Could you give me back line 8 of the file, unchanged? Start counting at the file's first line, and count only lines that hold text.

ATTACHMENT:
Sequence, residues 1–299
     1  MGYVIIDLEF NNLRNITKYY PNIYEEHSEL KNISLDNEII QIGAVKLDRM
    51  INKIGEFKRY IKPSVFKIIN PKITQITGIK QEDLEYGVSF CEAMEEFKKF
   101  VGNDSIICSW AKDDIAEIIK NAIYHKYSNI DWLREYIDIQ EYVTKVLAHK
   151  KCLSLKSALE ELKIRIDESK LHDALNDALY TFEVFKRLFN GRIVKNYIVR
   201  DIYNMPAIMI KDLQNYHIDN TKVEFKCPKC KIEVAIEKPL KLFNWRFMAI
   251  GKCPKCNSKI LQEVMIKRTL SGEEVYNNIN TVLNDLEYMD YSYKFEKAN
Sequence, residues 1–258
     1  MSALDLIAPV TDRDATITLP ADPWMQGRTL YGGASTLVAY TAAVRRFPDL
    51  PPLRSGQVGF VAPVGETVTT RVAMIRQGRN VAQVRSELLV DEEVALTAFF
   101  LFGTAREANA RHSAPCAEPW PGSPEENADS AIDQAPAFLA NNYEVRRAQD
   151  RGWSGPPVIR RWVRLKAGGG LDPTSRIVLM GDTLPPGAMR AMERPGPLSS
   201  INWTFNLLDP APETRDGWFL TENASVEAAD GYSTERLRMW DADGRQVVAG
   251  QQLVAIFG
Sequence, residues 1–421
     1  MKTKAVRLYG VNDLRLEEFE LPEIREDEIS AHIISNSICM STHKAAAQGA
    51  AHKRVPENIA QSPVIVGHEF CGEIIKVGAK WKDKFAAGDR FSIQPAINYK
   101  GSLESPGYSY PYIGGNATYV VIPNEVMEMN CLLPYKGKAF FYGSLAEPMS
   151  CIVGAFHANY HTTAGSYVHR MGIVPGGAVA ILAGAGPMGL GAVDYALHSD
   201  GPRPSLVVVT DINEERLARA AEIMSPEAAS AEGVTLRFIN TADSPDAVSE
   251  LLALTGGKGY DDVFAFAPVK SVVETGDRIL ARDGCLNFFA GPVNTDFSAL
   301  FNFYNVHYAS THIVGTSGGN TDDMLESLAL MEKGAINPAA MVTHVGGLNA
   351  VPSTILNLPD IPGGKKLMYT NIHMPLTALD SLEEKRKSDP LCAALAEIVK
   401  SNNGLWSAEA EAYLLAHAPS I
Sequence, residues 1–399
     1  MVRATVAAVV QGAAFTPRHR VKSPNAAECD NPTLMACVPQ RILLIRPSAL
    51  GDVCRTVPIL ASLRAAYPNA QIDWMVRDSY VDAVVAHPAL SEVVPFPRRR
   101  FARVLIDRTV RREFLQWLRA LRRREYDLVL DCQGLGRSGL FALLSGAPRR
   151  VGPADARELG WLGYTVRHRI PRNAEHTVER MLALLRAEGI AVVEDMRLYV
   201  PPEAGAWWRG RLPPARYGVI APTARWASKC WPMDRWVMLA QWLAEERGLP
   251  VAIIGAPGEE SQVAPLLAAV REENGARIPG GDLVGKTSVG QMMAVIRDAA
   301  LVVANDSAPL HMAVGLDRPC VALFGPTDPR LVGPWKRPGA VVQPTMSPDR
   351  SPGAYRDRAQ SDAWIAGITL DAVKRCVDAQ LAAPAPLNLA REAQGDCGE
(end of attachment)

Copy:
Sequence, residues 1–258